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An ok roof bypass that unfortunately involves a pitch and a half of uninteresting climbing to get there. A variation exists passing the roof on the left (5.9-ish) but it doesn't look as fun as going under on the right side.
P1: (5.6?) Follow the first half of the first pitch on the Swift (if doing it in two pitches), then veer left and work up some easy 5.0 with a few small sections of more moderate climbing, depending on the path you take. You’re aiming for the roof at the top. Setup belay just about anywhere.
P2: (5.10a) Follow any of several paths up towards the prominent roof, though the crack leading straight underneath it is probably best. There’s a right-slanting hand-sized crack under the roof that allows passage to the right and over. The crack is a bit gritty still, but with some traffic it could turn into a fun route. Plenty of opportunity to setup belay on the slabs above.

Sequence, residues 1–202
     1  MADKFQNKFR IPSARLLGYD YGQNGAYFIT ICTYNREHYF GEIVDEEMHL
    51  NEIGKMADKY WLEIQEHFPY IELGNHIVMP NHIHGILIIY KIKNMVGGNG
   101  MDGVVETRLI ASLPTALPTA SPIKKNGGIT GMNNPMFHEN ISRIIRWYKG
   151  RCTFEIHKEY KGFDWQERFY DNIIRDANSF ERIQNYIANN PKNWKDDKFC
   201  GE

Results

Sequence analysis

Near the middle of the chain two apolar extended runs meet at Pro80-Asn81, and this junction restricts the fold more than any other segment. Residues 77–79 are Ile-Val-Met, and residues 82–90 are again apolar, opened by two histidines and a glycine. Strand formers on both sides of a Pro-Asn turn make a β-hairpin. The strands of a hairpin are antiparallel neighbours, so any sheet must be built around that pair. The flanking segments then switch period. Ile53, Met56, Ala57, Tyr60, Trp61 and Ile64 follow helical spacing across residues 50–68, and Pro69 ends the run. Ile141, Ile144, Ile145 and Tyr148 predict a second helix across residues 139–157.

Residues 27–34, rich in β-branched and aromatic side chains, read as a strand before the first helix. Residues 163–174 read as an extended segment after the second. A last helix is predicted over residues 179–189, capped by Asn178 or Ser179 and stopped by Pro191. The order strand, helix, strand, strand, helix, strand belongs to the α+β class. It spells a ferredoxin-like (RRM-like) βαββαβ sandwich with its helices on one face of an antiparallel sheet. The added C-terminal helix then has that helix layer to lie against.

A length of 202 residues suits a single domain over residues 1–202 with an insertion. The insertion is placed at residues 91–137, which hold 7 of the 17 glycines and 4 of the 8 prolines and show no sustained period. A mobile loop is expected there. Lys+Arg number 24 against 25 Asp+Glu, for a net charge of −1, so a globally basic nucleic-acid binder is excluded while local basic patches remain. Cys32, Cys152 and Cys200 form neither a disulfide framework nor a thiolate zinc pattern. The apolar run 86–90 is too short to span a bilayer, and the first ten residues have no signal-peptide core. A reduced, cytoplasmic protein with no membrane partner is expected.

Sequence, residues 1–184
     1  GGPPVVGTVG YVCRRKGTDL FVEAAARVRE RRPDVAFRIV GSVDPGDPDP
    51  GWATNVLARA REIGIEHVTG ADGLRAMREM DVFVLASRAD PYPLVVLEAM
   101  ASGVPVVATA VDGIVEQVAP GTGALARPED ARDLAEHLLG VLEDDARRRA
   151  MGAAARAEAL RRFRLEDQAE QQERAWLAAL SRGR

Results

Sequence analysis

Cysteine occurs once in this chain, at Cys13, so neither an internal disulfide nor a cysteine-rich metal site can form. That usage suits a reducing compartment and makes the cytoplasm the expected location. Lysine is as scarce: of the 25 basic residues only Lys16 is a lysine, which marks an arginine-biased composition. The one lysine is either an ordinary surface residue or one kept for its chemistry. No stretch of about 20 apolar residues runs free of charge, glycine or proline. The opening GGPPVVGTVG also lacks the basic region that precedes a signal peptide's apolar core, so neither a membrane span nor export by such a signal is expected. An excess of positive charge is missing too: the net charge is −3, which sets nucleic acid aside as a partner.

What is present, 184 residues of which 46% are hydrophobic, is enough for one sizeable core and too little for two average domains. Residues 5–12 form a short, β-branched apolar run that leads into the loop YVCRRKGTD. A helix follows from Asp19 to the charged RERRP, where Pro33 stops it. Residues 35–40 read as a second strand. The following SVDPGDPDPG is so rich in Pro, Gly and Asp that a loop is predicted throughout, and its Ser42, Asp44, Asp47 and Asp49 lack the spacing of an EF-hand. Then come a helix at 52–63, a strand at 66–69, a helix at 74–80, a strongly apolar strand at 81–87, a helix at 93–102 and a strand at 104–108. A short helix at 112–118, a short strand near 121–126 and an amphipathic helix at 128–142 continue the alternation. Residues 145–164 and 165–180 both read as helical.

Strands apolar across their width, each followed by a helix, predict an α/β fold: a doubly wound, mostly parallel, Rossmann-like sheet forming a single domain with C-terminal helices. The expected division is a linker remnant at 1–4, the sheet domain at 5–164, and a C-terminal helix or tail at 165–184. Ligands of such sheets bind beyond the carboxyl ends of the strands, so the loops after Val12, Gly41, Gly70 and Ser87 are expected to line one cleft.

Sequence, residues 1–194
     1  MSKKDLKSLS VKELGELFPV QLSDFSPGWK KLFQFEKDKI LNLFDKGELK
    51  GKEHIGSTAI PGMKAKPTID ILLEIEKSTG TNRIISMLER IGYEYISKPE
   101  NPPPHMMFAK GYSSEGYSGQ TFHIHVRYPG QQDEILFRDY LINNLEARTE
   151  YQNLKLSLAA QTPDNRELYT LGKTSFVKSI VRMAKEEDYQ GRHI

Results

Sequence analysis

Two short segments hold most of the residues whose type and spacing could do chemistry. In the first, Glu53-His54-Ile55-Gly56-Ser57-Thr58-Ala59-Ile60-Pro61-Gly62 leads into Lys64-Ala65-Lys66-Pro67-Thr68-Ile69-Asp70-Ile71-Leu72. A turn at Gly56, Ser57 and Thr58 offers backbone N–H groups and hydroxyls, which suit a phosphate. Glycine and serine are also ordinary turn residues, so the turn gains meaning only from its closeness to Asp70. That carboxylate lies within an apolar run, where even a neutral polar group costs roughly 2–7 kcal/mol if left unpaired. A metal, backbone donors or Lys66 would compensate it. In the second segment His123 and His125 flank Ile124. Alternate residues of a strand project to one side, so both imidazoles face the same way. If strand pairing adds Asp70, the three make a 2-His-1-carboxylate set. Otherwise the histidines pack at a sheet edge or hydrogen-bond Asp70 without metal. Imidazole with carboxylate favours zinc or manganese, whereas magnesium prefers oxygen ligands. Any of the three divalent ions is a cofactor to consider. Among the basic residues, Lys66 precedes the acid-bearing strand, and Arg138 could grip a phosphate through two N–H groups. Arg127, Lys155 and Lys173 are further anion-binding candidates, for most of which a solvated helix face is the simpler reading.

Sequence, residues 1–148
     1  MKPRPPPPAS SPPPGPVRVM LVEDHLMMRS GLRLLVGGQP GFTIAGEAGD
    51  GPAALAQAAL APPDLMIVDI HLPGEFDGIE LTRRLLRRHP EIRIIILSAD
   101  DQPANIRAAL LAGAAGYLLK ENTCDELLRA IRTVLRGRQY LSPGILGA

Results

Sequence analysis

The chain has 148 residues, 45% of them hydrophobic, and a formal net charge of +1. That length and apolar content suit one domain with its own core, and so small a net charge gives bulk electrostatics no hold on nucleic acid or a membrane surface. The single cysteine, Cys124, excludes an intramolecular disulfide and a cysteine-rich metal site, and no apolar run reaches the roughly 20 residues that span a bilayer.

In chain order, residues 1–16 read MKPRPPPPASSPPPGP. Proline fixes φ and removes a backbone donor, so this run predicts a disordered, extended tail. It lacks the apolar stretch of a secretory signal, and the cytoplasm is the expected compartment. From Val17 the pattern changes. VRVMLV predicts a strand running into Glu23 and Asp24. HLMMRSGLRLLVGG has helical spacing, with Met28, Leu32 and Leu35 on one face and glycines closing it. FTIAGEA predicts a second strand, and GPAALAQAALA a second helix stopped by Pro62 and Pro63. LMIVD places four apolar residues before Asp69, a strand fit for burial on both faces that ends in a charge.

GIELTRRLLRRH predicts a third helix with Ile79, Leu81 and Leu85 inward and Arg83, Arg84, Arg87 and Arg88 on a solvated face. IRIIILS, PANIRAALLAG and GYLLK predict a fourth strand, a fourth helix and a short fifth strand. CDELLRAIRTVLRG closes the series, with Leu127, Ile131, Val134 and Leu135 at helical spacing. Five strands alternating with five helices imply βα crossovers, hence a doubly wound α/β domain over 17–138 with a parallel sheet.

Longish scramble off to climber’s right.
Start as for The Swift, up the ramp and traversing right under the headwall (if you protect it’s going to cut your pitch short). Go up the small chimney and break off of The Swift heading left, then up towards the roof at the top. The first pitch goes up easy broken terrain, there’s no real defined path until you get close to the roof.
Standard rack, I can’t remember if a 3” was absolutely necessary for the roof – but I’d take one.
|Comments on Altitude Sickness
|By Scott Z|
From: Highlands Ranch, CO
Mar 24, 2010
250 feet of climbing with a 20 foot (or so) .10a section. Still a bit grungy and hollow flakes at/below the right-slanting "roof". A massively stuck forged friend with a yellow draw marks the crux of the route. A lifetime of classics to be had at Josh...this isn't one of them.
From: san diego, ca
Apr 9, 2013
What. A route named Altitude Sickness? Must do.